By combining Generation Z’s “digital native” aptitude with global awareness, students can navigate the classroom, community, and workplace with heightened empathy and professionalism. They can stand confidently on the big stage at SEED SPOT’s National High School Demo Day, pitching their cutting-edge market-based solution in front of hundreds of audience members for the opportunity to win in-kind and cash prizes from industry thought leaders.
3. To Make Your Community a Better Place
Entrepreneurs are the backbone of American society – they drive innovation, job creation, and national economic growth. In fact, new businesses account for nearly all net new jobs created and almost 20 percent of gross job creation. Entrepreneurship transforms your community into a more attractive place to work, live, and thrive. Why wouldn’t you want to give young people in your community the tools to lead the transformation?
“In order to ensure communities have a pipeline of their next leaders and job creators, we must teach entrepreneurship in schools – especially from a social perspective”, says Peter Boyle, Founding School Director at partner school Western School of Science and Technology. “By positioning students as future (or current!) entrepreneurs, we are building their sense of self-efficacy and giving them a head start to be the next generation of job creators and community strengtheners as adults.”
After learning that there are 10,000 homeless people in Pima and Maricopa County, a group of students from Walden Grove High School in Sahuarita, AZ created Mobile Rain. They installed a mobile shower into a renovated school bus that allows homeless individuals to shower, get their clothing laundered, and gain confidence to interview for work. Their compassionate and creative idea earned them a $5,000 award from Cisco to continue growing their business.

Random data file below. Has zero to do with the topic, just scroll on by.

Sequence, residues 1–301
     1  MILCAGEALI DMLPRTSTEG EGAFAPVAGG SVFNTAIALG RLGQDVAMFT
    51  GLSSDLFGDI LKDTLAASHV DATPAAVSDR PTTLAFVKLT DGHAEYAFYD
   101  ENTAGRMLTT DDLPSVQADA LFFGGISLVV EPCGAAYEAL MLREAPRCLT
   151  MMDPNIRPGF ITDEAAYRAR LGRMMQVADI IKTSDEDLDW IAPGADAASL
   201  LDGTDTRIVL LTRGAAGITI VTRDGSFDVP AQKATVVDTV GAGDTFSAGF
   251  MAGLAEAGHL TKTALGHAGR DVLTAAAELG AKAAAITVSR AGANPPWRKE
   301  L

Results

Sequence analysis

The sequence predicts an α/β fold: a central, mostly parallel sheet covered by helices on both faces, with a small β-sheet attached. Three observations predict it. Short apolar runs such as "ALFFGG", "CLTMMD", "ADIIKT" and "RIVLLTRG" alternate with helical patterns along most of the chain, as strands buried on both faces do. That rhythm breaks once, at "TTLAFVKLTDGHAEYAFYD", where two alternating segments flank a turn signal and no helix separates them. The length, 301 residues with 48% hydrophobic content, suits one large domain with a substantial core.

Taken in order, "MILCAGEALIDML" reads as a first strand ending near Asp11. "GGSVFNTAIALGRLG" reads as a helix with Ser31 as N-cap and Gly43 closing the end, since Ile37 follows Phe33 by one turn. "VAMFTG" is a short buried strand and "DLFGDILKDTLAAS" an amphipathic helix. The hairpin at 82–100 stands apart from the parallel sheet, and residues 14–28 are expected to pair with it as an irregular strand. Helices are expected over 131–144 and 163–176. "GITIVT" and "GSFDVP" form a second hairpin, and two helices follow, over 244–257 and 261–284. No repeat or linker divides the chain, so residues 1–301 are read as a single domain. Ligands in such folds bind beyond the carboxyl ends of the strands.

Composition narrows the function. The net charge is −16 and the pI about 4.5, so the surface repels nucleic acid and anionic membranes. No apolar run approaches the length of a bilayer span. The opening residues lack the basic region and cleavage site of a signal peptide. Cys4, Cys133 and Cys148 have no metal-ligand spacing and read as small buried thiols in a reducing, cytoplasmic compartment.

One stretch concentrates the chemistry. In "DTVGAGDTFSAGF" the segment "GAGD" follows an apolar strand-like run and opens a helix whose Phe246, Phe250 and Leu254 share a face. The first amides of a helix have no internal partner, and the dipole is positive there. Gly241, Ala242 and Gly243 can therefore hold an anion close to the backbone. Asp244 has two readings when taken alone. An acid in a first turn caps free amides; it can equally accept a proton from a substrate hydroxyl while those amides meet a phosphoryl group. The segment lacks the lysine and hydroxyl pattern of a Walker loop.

Mobile Rain is just one of many examples of young innovators collaborating and finding feasible solutions to widespread social problems they see everyday in their community. They no longer feel comfortable standing idly by as these issues worsen – they feel compelled to take ownership and become active agents of change. Within a year of entrepreneurship curriculum, students can become founders, co-founders, or even CEOs of a functional business! But what matters more is their enhanced professionalism, public speaking ability, critical thinking skills, and newfound confidence to make an impact in the classroom and beyond.
As the 2018-2019 school year kicks off, SEED SPOT makes it easier to get in the “back to school” groove by providing educators with a wide range of on-the-ground support. Teachers receive biannual in-person training, comprehensive lessons plans, professional development opportunities, and accessible support from our Schools team. Together, we can work to inspire, empower, and transform students into fearless leaders of the future!
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Related articles about SEED SPOT Schools:
>>“At Teacher Training, SEED SPOT Teachers Create Their Own Ventures”
>>“3 Ways to Bring Entrepreneurship into the Classroom”
>>”Director of School Expansion Hired to Elevate Voices of Youth Entrepreneurs”